Are my additional
driving lights legal?
To keep your vehicle on the right side of the law, position your
additional driving lights according to the most recent laws in your
state or territory. (Image credit: Ironman 4x4)
So, you’re not quite sure whether your off-roader’s
additional driving-lights set-up is legal in your state or
territory? Or if you’re legal when driving that same vehicle into
another state or territory?
Well, join the long queue of those who suffer all-pervasive
confusion over light laws because it includes every vehicle owner in
Australia, every over-worked police officer trying to enforce the
appropriate laws, and every government pen-pusher who alters
legislation seemingly every few minutes*. (* A slight exaggeration,
but the standards have actually been amended six times between
August 2007 and November 2017.)
For the purpose of this yarn, when we refer to "additional driving
lights" we're talking about to forward-mounted fixed driving lights,
including LED light bars.
Here’s our guide to legal light set-ups but, be aware, the laws
differ from state to state/territory, they do change and some are
open to interpretation, so you’ll need to drive around with your
local magistrate on-board just to avoid a fine. Only joking! (Or am
I?) Just make sure you stay up to date with the state/territory in
which you drive.
The light laws explained
First up, vehicles in Australia must comply with Australian Design
Rules (ADRs), which are “national standards for vehicle safety,
anti-theft and emissions”, according to the federal government. “The
ADRs are generally performance based and cover issues such as
occupant protection, structures, lighting, noise, engine exhaust
emissions, braking and a range of miscellaneous items.”
According to official speak, ADR 13/00 refers to “Installation of
Lighting and Light Signalling Devices on other than L-Group Vehicles
2005”. (L-Group vehicles are two- or three-wheeled vehicles and
include mopeds, motorcycles, motorcycles with a sidecar and motor
With regards to laws about additional driving lights, surprisingly,
the ACT government nails down a pretty good summation of the rules
as they generally apply nationwide at time of writing (late November
“The ADR now aligns the vehicle safety standards to the
international standards of a maximum of four additional lamps,
removing the former requirements of lights in pairs of two or four.
“These changes also allow for single driving lamps to be fitted.
“An LED light bar is considered to be one lamp if all of the LEDs
operate together. If an LED has different parts or sections that can
be switched on or off independent of other parts (sometimes referred
to as being switchable) then each independently controlled section
counts as a lamp.”
The additional driving lights on this vehicle would be considered a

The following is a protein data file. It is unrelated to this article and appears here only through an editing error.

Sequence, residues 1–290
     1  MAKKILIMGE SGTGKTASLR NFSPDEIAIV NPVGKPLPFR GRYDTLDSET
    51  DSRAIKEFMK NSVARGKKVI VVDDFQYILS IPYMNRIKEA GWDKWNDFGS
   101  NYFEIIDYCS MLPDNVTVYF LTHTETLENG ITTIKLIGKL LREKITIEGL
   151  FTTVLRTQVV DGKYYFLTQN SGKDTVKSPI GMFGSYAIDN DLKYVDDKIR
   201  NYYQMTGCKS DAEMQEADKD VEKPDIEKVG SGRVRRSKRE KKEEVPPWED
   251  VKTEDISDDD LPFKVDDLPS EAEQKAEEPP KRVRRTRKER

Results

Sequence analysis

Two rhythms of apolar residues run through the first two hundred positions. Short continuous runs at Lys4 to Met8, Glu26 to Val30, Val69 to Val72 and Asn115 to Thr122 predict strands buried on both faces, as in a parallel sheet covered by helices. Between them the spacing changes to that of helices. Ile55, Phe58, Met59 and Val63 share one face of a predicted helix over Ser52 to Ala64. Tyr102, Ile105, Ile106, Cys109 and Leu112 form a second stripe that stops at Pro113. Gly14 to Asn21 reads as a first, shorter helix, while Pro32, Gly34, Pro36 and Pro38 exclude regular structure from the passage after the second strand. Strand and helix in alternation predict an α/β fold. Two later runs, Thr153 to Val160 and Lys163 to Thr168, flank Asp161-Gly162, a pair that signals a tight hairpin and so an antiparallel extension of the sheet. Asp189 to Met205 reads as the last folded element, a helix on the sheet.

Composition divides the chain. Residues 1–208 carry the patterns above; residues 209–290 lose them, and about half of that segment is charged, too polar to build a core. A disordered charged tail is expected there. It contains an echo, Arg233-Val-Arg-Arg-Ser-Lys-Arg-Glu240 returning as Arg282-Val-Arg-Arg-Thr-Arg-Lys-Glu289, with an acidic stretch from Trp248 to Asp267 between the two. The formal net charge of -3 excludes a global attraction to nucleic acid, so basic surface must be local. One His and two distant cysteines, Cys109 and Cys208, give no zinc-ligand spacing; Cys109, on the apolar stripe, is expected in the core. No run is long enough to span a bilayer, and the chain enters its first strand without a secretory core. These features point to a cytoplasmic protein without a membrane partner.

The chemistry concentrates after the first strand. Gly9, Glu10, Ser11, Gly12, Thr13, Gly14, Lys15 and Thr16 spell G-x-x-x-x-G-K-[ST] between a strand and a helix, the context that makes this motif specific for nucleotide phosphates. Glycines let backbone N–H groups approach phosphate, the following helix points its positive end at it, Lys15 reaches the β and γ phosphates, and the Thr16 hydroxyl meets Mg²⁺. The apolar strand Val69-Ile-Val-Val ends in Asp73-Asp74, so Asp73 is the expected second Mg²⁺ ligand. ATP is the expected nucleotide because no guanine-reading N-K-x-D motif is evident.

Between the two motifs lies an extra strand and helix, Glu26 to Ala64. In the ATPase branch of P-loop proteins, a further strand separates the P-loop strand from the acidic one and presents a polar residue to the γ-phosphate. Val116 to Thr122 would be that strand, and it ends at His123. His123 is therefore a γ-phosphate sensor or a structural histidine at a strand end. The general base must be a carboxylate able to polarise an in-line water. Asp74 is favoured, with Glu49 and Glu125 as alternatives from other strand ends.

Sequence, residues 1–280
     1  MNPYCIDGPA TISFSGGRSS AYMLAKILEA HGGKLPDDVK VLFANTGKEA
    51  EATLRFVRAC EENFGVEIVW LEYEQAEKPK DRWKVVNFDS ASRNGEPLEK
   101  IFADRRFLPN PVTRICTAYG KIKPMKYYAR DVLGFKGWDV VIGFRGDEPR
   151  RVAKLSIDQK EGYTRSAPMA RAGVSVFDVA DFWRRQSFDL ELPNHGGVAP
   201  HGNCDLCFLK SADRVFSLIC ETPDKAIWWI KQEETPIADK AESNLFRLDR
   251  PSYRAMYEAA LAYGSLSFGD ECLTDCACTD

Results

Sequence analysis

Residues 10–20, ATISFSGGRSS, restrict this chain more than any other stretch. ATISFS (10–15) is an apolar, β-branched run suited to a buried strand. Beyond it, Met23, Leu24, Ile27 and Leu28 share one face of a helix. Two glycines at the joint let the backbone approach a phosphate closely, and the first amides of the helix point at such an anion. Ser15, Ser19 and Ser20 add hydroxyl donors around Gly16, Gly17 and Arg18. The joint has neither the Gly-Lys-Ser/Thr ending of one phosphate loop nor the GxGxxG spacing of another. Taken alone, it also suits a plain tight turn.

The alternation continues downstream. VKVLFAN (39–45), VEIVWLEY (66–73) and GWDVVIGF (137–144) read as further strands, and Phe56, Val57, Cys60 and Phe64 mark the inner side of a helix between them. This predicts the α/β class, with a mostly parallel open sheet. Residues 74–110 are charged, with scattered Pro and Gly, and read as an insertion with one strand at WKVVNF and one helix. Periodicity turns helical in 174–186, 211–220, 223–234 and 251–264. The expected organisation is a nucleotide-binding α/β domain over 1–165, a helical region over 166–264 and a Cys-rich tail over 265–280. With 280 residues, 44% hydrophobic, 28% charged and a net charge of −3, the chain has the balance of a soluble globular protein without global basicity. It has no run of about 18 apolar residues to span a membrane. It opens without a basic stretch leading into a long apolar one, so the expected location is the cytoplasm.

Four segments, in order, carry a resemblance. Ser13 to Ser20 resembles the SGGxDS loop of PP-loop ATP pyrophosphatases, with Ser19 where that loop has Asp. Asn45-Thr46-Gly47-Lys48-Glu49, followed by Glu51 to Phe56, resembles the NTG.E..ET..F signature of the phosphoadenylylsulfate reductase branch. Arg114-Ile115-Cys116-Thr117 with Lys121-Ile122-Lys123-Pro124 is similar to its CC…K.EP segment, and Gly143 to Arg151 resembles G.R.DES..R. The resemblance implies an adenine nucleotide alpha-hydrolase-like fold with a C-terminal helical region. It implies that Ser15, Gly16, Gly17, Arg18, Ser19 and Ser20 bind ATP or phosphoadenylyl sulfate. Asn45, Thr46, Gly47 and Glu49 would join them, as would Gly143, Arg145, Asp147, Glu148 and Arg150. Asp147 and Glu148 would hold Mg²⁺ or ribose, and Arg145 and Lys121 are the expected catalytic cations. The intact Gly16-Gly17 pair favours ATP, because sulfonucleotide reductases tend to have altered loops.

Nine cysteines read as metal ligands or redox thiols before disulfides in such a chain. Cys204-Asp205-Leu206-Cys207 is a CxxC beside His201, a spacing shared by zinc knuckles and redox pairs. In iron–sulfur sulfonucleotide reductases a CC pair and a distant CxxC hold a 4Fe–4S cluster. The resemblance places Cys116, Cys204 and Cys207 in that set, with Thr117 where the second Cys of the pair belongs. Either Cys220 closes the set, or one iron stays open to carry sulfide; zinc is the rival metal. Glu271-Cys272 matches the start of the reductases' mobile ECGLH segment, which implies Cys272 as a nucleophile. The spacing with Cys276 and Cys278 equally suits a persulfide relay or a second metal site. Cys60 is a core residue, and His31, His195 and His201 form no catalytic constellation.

protrusion and an injury threat to pedestrians.
Lights must not be fitted in a manner that they might be considered
a dangerous protrusion (i.e. on top of a bull bar). Other
requirements for fitting and using driving lamps and LED light bars
“The lamp/s must be fitted to the front of the vehicle,
symmetrically about the centre;
The lamp/s must be installed in a way that the light produced does
not cause the driver of the vehicle discomfort either directly or by
reflection from body or bull bars and ladder racks or mirror
The lamp/s must only come on when the main-beam (high beam)
headlamps are used, and must automatically turn off when the
main-beam headlamps are turned off;
No more than four driving lamps may be fitted to a vehicle;
All driving lamps must not interfere with the driver’s field of
All forward-mounted fixed additional lights will be considered
light laws state by state/territory
This image illustrates the positions of additional driving lights
that are considered either legal or illegal, depending on the state
or territory in which you're driving.
To check which locations on your vehicle are legal or illegal for
fitment of additional lights in your state/territory, read the info
below and check against the diagram, above.
Australian Capital Territory: Placing additional
forward-facing driving lights which do not protrude upwards or
outwards from your bullbar (1) is legal, but something which
protrudes from the top of the bullbar (2) is not legal, nor are
lights positioned on the roof or roof rack (3), or on a sports bar
if you're driving a ute (4).
New South Wales: 1 is legal, 2 is not; 3 is legal but we've
not yet received a definitive official answer as to whether 4 is
legal or not. (If you reckon you know, tell us in the comments
Northern Territory: 1 is legal, 2 is not; 3 and 4 are legal.
Queensland: 1 is legal, 2 is not; 3 is legal but 4 is not.
South Australia: 1 is legal, 2 is not; 3 and 4 are legal.
Tasmania: 1 is legal but 2, 3 and 4 are not.
Victoria: 1 is legal, 2 is not; 3 and 4 depend on how bad a
day your attending police officer is having. He/she may decide the
light's position means it is causing the driver discomfort either
directly or by reflection from body or bull bars and ladder racks or
Western Australia: 1 is legal, 2 is not; 3 and 4 are legal.
Clear as mud? For a bit more light reading (dad joke!), check out
these links to specific state/territory guidelines:
New South Wales: Legislation.nsw.gov
Northern Territory: NT.gov
South Australia: SA.gov
Western Australia: Transport.wa.gov
Keep in mind that standard regulations and laws differ from state to
state and territory in Australia and, as mentioned, are subject to
amendment, so make sure you are up to date with the laws as they
apply to the state/territory in which you reside.
If you're planning to fit additional/aftermarket driving lights to
your vehicle, or have them fitted, read through the ADR 13/00
light-installation guidelines and call the authorities to ask for
guidance before you start.